The Basics of Consumer Arbitration in New York
What agreeing to ‘terms and conditions’ means for your rightsBy Trevor Kupfer | Last updated on September 29, 2022
Whenever you open a bank account, sign up for a credit card, or even download an app, it comes with a lengthy account-holder agreement, a long scroll of terms and conditions. And when you click “agree” or sign the dotted line, one of the many contractual conditions you’ve probably agreed to is an arbitration clause.
“People don’t know that provision is in there,” says Joseph H. Mizrahi, a partner at Mizrahi Kroub LLP. “That’s unfortunate because they’re losing a crucial Constitutional right: to be able to litigate their claim in a courtroom and in front of a jury of their peers.”
“The vast and overwhelming majority of consumers who have come to our office have been utterly unaware that there was this sort of clause in their standard contract,” adds Daniel Schlanger, a consumer protection attorney at Schlanger Law Group.
“It’s often accompanied by a class action waiver. Virtually every arbitration clause nowadays is both an agreement to not go to court and an agreement that in any arbitration, you will proceed individually and not on a class basis. I think it’s terrible and unfair,” he says. “That said, it has not been my experience that arbitration hearings are uniformly hostile to consumers.”
So what is arbitration? Its procedures resemble those of a courtroom, albeit in an abbreviated form. The most common services that execute arbitrations are JAMS and AAA, which provide the arbitrator who oversees each case. Often, arbitrators are former judges, Mizrahi says, “but sometimes they’re former corporate officers who might have anti-consumer positions—definitely in comparison to a typical jury, which usually sides with consumers rather than corporations.”
Arbitrations are also private, tend to move much faster—procedures for gathering information and documents are more limited—and, except in narrow circumstances, involve no right to an appeal. “Otherwise, the rules are modeled in a similar way to a court proceeding,” Schlanger says.
Some arbitration clauses allow consumers to file in small claims court, and some have provisions that allow consumers to opt out within a certain period of time (commonly 30 or 60 days). So if you happen to notice the opt out, should you?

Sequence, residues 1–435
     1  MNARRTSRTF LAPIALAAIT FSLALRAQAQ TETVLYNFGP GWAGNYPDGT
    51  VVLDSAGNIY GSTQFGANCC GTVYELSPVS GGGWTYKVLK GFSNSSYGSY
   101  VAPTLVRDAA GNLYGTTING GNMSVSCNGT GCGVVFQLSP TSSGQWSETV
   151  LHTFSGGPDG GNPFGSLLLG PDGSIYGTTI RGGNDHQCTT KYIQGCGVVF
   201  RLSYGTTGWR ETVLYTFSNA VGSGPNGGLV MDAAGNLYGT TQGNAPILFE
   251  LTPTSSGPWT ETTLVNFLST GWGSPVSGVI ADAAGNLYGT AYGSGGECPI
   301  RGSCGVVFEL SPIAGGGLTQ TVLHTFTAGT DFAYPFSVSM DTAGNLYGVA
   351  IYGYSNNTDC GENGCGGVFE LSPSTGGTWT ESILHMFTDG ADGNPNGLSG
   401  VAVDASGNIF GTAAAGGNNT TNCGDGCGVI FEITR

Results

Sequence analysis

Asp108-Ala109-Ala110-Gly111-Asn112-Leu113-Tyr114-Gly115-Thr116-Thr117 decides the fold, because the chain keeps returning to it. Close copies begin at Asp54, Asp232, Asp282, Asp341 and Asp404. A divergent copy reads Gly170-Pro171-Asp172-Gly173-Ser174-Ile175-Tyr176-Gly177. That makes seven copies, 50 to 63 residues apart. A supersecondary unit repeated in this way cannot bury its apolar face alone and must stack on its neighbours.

“Yes, I most definitely would recommend that,” Mizrahi says.
The fine print in consumer contracts can be difficult to fully understand. The National Association of Consumer Advocates has some valuable background information, Mizrahi says. “Otherwise, you really need to find a consumer law attorney who can guide you.”
Consumer law attorneys commonly offer a free consultation for initial advice. If you decide to work together, consumer statutes allow for fee shifting, “meaning the corporation that we sue usually pays the legal fees upon a settlement or a win,” Mizrahi says.
Even if you’ve already clicked “agree” or signed a contract that requires arbitration, “it doesn’t mean you can’t win,” Schlanger says. “It has been my experience that most arbitrators are open to hearing the evidence and hearing the arguments.”
Sometimes you can beat the arbitration clause itself, he adds. Since it’s a contractual matter, arbitration must be agreed to knowingly. When the clause is proven hard to find or difficult to distinguish, some attorneys have defeated it. “That doesn’t mean that if you didn’t read it, you can say, ‘I didn’t agree to it because I didn’t read it,’” Schlanger says, “but sometimes the court finds that the arbitration agreement isn’t binding because it wasn’t clearly enough disclosed or because there were conflicting terms and conditions provided to the consumer.”
Both attorneys are optimistic that lawmakers will limit or ban forced arbitration clauses in the near future. “Although we still have a long way to go, we’re seeing positive shifts already,” Mizrahi says of the Supreme Court rulings on Morgan v. Sundance and Viking River Cruises v. Moriana from early 2022.
“The [rulings] say these arbitration provisions are not sacred ground anymore, and potentially give the blueprint for how to craft legislation for getting out of forced arbitration. We know consumer advocacy groups are working hard so these provisions aren’t something consumers have to live or die by. Instead, they can go to court, allow a jury of their peers to hear their claim, and have a fair shot against huge and well-financed institutions.”
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